Woody debris along the sides of the channel, and the size of boulders in the creek indicate that only high flows reach this lower section of the creek. Any water that flows down the creek, as in the upper photo, disappears into the ground before it ever reaches the lower end of the creek, where the CSKT proposed instream flow is supposed to be implemented.
Close examination of the second photograph showing the size of boulders and cobbles in the creek indicates that only high, or flood flows, make it all the way down to the Flathead River. Indeed, peak flow discharges for Revais Creek—the highest flow measured during the year, occur in May and June and range from 95 cubic feet per second up to 350 cubic feet per second. Aside from these flood flows, no streamflow makes it all the way to the Flathead River on the surface in Revais Creek. Geologic information indicates that the lower part of Revais Creek is indeed a ‘sink’, where most of the flow simply disappears underground and enters the Flathead River that way.
Irrigation out of Revais Creek occurs through the single canal diversion. Combined with the Jocko River, Revais Creek contributes to the irrigaton of considerable acreage in the valley. Notice that the stream on the right of the photo below drops down a steep, boulder-strewn course away from the diversion. This is clearly a ‘structural feature’ of the stream channel where it abruptly changes and is most likely a result of the underlying geology of the creek and the occurrence of faults. The fishery above this point is notable, written about, and historic. Below this point, there is no reported occurrence of a fishery.
The FIP Water Use Agreement proposes an instream flow in Revais Creek below the irrigation diversion to be measured at the staff gauge located right below where Highway 200 crosses the creek, in the area of large boulders and cobbles. The proposed instream flow varies from 3 to 9 cubic feet per second, the large values taking over in the fall. The problem, however, is that at the point of measurement, there are no data or history that show Revais Creek ever flows at this point except during a flood flow. During wet years, a short duration small trickle has been reported as late as July. Even if all the irrigation diversion was stopped, the 3-4 cubic feet per second that flows in the creek at the irrigation diversion will not make it all the way down to the Flathead River, which is the goal of putting an instream flow in the creek.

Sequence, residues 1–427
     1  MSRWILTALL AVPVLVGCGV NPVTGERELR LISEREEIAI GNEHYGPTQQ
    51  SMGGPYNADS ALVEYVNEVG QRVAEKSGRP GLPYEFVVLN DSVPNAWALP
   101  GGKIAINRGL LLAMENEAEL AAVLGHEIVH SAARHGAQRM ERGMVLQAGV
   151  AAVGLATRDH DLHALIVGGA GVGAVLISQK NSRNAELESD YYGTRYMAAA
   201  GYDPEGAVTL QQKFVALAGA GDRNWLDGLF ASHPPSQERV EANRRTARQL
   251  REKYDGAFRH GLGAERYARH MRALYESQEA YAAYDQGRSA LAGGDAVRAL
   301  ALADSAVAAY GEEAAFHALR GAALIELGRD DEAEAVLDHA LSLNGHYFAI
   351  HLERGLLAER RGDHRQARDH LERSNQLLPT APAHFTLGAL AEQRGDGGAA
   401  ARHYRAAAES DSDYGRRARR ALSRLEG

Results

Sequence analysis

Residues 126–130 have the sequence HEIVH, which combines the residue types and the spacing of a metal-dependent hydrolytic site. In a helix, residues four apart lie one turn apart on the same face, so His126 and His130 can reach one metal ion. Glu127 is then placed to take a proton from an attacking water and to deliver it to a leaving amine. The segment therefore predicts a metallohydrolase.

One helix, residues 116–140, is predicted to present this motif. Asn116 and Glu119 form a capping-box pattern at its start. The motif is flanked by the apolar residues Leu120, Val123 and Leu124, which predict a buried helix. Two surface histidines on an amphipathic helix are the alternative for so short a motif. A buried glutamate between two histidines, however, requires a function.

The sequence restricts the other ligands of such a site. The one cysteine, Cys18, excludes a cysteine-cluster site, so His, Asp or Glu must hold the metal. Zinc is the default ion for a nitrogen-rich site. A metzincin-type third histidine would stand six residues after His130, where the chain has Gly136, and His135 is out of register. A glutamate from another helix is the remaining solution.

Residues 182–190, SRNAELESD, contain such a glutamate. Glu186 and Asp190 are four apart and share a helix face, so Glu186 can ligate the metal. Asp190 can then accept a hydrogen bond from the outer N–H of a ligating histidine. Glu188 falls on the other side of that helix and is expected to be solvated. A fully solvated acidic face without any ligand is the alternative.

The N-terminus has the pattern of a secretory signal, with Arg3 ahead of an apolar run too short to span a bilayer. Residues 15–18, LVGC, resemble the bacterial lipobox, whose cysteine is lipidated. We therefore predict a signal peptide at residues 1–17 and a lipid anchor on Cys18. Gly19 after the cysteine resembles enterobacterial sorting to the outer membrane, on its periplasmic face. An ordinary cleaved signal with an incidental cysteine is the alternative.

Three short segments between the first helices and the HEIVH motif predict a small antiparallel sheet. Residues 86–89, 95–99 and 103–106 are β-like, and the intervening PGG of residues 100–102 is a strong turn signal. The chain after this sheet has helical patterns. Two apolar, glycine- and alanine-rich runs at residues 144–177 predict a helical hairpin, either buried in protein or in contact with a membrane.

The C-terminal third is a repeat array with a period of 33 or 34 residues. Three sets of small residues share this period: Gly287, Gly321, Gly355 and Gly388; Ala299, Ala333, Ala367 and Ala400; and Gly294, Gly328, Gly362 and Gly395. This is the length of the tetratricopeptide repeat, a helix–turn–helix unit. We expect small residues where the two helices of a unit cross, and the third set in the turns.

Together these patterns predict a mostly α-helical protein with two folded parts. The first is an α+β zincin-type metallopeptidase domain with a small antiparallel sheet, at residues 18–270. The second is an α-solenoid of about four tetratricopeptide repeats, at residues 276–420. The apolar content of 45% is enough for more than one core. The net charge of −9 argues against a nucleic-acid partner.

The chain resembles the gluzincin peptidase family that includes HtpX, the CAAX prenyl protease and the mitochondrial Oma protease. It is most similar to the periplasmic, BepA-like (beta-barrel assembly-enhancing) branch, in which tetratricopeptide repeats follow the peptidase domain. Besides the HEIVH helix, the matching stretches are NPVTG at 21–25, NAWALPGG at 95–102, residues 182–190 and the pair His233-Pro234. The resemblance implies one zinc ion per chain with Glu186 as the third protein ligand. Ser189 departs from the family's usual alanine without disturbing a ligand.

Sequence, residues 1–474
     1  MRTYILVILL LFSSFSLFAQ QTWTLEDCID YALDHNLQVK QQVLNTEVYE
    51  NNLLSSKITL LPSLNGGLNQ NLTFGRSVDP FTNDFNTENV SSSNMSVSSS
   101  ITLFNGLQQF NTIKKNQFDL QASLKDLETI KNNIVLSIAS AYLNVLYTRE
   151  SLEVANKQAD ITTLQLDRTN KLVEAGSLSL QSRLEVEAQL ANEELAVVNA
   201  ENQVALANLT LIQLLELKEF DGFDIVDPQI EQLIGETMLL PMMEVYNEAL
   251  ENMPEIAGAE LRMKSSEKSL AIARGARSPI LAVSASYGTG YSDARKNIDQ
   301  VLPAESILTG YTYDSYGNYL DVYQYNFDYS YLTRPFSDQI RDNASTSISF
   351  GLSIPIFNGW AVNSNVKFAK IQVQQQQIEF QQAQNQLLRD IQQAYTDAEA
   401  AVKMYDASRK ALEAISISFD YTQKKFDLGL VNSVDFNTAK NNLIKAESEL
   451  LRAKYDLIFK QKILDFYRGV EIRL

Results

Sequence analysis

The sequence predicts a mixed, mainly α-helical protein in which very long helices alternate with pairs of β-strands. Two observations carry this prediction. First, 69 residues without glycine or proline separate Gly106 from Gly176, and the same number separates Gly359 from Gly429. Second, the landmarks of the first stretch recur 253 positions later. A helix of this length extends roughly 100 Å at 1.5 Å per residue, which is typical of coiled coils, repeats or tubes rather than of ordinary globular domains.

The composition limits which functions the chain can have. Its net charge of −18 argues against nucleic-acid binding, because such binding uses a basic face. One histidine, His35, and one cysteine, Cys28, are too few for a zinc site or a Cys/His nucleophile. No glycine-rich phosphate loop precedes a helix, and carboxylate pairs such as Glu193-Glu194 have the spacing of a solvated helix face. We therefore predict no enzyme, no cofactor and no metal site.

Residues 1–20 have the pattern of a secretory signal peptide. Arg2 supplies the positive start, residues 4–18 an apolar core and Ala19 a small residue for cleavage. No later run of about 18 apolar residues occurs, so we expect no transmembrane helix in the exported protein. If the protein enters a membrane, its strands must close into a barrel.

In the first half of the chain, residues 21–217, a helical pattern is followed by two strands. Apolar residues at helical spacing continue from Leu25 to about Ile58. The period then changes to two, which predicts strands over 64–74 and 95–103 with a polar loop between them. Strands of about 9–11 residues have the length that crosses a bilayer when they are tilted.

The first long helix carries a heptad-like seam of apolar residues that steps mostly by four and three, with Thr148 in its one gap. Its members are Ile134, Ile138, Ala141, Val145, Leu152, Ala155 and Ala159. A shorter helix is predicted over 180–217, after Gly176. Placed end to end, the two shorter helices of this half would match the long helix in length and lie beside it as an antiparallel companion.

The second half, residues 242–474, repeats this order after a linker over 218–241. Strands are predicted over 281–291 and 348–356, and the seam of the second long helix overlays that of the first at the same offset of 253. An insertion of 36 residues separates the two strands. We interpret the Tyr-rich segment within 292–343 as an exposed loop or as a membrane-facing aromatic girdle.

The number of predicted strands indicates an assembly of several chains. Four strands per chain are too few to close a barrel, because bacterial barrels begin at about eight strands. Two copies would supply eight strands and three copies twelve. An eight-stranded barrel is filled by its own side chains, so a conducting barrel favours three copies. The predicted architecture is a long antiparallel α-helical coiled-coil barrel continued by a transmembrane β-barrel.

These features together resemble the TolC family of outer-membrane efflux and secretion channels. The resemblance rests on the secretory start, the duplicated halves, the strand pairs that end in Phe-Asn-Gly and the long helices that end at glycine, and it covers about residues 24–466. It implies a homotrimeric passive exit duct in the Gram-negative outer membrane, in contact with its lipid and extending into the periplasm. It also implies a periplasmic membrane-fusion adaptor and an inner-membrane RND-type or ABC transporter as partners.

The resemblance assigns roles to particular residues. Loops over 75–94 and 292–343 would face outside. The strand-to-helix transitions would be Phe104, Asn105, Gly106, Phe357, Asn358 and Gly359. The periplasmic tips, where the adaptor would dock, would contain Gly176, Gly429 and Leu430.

Indeed, technical discussions of a proposed flow regime on Revais Creek discussed by the Cooperative Management Entity (CME) yielded this critical information regarding the wisdom of an instream flow in lower Revais Creek:
Les Evarts said that in some instances, leaving water in canals may provide more benefits to fish than leaving water in some streams. On Revais creek in particular, Les said that fisheries would prefer to maintain diversions into the canal, in order to prevent native West slope Cutthroat trout from being drawn over the diversion, into a dry creek channel. (Minutes of the CME Meeting, January 2012)”
The proposed instream flow for Revais Creek is then about what? Fisheries protection? Not according to the above technical presentation. So why put an instream flow in a creek when it will disappear into a ‘dry creek channel’ and not do anything for fish? Is it revenge?
This study has shown that much more careful analysis must be completed before any new instream flows are called for in any creek on the reservation. For Revais Creek, the CSKT has been unable to show the veracity and validity of an instream flow in the lower part of the Creek. For many other streams on the reservation that already have instream flows, the CSKT and the United States have been unable to prove that more water is required.
Multi-generational Montanans who have irrigated this valley for 100 years deserve much more certainty than an arbitary instream flow established for a dry creek bed.